• 20. In June 2008, Hertz Corporation Senior Management from around the world, met for their now annual convention, in Las Vegas. Following the work sessions that took place, a presentation, entitled “Speeding Our Transformation – A call to action”, was sent to all participants. As illustrated below, the last slide of this presentation communicates to Hertz Corporation Management Worldwide, that “Leadership is the key and that participants are Hertz leaders; leaders who should passionately deploy the tools that they have been given”. Hertz France has used the “Change Management Toolkit” to further develop this message and to present in detail the tools given to us by our European and Corporate Executives. In terms of employee satisfaction, which falls under the balanced scorecard perspective of “Learning and Growth”, Hertz France has linked into the European and Corporate (Learning and Growth perspective -through the Hoschin planning process), the objective of successfully negotiating and signing an “Accord GPEC” with our National Union Representatives (social partners). This action directly contributes to the European and Corporate BSC objective that Hertz become an “Employer of Choice”. The GPEC and its obligations are detailed later in the presentation, and in French in Appendix I.
  • 21. This gives Hertz France the following scenario; Corporate and European strategy to be implemented on the local level via an “Accord GPEC”. The implementation of the “accord”, once signed, will be accompanied by the PMED program providing Hertz France management, from top down, with a system to connect measure and appraise individual employee objectives and the role they play collectively in the realization of strategy on local, regional and country levels. Originally built to successfully integrate and “bring to life” new training laws for all employees, the “University des Métiers” provides Hertz France with a “foundation stone” which furnishes the solid base upon which we cascade and link Hertz corporate and European strategic initiatives down to those Hertz France frontline employees, “whose eyes look into the eyes of our customers”.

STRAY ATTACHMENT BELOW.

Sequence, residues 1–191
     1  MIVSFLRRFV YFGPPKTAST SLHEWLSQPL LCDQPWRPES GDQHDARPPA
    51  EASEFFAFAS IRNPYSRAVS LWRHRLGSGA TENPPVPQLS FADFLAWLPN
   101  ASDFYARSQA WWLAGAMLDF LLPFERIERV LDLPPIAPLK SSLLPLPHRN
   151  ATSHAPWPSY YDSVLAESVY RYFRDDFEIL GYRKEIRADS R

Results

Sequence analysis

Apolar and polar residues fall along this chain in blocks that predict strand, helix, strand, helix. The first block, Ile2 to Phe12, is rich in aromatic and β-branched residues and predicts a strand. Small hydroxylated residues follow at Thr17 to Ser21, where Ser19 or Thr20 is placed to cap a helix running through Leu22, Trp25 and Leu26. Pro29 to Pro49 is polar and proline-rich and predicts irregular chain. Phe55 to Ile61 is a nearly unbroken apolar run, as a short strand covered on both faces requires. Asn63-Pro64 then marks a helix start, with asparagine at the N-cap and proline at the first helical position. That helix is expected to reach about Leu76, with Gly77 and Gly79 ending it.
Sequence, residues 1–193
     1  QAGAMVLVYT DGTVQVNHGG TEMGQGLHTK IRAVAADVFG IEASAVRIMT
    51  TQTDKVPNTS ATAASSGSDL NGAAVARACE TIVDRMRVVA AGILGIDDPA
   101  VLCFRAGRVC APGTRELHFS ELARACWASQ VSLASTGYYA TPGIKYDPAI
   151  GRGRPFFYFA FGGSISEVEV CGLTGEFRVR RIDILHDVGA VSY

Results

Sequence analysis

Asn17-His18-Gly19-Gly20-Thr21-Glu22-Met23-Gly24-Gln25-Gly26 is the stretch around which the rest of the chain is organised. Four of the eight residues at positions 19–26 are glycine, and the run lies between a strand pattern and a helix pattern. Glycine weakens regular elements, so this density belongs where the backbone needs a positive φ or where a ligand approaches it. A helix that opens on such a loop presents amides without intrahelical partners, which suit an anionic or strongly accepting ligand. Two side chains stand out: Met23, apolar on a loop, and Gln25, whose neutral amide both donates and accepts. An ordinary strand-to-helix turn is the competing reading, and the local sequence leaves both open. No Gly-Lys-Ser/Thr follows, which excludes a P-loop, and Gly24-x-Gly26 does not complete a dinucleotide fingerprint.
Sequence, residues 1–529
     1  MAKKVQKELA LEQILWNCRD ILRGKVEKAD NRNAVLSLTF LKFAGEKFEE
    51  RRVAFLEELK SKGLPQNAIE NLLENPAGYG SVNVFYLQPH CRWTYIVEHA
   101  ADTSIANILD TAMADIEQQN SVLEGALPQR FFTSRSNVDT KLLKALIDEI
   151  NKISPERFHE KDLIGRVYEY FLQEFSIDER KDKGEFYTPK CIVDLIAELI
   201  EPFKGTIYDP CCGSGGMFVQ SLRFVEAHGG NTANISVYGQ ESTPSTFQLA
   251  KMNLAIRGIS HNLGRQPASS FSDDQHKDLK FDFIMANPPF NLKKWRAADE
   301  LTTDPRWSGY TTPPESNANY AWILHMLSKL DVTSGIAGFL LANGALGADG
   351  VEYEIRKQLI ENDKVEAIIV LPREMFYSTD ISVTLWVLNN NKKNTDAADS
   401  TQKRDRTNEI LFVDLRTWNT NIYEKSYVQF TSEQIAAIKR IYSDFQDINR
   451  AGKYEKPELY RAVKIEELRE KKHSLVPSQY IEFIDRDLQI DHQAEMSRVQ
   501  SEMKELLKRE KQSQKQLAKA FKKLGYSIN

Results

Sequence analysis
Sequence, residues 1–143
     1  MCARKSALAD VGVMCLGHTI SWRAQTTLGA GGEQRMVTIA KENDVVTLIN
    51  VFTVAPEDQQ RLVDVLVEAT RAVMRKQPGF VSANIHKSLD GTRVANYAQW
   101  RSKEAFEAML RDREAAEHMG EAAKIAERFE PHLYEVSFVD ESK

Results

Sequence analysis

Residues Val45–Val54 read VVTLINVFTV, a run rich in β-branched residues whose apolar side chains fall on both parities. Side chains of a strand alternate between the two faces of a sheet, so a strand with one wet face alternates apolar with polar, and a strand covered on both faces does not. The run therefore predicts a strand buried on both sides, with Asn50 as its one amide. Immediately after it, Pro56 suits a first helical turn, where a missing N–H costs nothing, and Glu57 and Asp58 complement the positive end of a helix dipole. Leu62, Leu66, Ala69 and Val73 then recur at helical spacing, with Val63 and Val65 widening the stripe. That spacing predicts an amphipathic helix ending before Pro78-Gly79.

• 22. The last and most strategic corporate ingredient that we need to integrate in to our Pulse Survey Action Plan is that of the Global Customer Experience Program. The success of this program will be tightly linked to the successful implementation of the New Hertz Leadership model and the Competency model that supports it. These models provide the bedrock upon which the Hertz Corporation intends to conduct a cultural transformation that aligns all Hertz employee’s eyes worldwide, in order to better serve and support, those Hertz employees whose eyes look into the eyes of our customers. These two models form the foundations for the different changes in terms of human management that will be implemented and linked into the corporate values. The resulting behaviors will permit Hertz France to align and target training and development investments with the building of the skills and competencies essential to the pursuit of our objective of becoming an “Employer of Choice” and French rental car industry’s reference for Employee and Customer Satisfaction.
  • 23. 1. How Hertz France plans to realize the objective of transforming CDG Airport into an employer of choice: During the period 2004–2005, roughly a dozen managers from Hertz France participated in the European Performance Management Program. As participants were instructed in this training class, managing performance, our own and others, is a key activity in developing an organizational culture and in achieving the strategic business objectives that are being requested in today’s difficult economic environment. As part of Hertz’s strategy of continuous improvement, the Hertz Corporation is asking Hertz France Management to create a culture where we apply the appropriate skills and behaviors for managing and maximizing the performance of others using Corporate Values as a guide. The European Performance Management program was built with this objective in mind. This program was aimed at all Hertz management levels and was designed to help managers Europe-wide, develop these skills and behaviors in their respective management populations, adapting them culturally, and cascading them downwards to local management. The initial implementation phase of this program focused on senior Hertz European management. To date, almost 200 of Hertz Europe’s Senior & Middle Managers have completed this course. In 2006, all European training managers participated in a train-the-trainer course in view to assisting local upper management implement and cascade these performance measures and values down through the organization, at the same time as developing a new Hertz European management culture.